The boys of Bryce: A study of the relations between southern Utah's cowboys and the federal government and their role in the formation of the contemporary southern Utah cowboy identity

Date of Completion

January 2005


American Studies|Anthropology, Cultural|History, United States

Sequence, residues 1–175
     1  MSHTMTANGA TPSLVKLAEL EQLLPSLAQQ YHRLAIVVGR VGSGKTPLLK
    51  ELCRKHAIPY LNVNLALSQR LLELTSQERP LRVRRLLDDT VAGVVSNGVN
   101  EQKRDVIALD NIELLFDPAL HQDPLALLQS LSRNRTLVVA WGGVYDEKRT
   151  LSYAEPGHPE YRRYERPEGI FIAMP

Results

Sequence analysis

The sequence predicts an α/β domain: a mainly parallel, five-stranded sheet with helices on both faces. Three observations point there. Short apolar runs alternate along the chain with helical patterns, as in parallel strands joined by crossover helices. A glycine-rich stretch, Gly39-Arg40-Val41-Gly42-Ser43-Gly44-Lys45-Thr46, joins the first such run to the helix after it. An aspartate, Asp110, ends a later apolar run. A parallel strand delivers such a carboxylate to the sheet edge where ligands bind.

For over one hundred and fifty years, much of southern Utah's population has been at odds with the federal government. Based on study data, the reasons for this discord generally fall into two broad categories: cultural/social and economic/political. Factors contributing to the cultural/social contention include the presence and the power of the Church of Jesus Christ of Latter-day Saints (LDS) in southern Utah and the federal government's extensive testing of nuclear weapons in Nevada during the 1950s and 1960s. Factors contributing to the economic/political contention include local people's and the federal government's conflicting stances on the use of public lands and local belief that the government has forsaken their best interests for those of special interest groups. This discord and all of the associated factors contribute greatly to the formation of the contemporary southern Utah identity, especially the southern Utah cowboy identity. The contemporary southern Utah cowboy identity centers around feelings of discrimination, a vilification of "outsiders" - particularly the federal government and "environmentalists," and an idealization of the "southern Utah cowboy lifestyle." ^ This research project documents and analyzes the causal factors of this long-lived contentiousness from the perspective of southern Utah's cowboys, the beliefs and perceptions adopted by them as a result of their situation, and how this all contributes to the formation of their contemporary identity. In order to meet this objective, anthropological, historical, religious, and legal literature was reviewed and several ethnographic data collection techniques were employed. ^ In order to place this study in a larger scholarly context, the relationship between southern Utah's cowboys and the federal government was examined utilizing a principle from Extended Case Methodology which states that a researcher should constantly build and rebuild his or her theoretical perspectives through dialogues with participants and other researchers. Theories relating to social capital and social identity were combined resulting in a new framework and perspective that addresses conflict in the rural American West. ^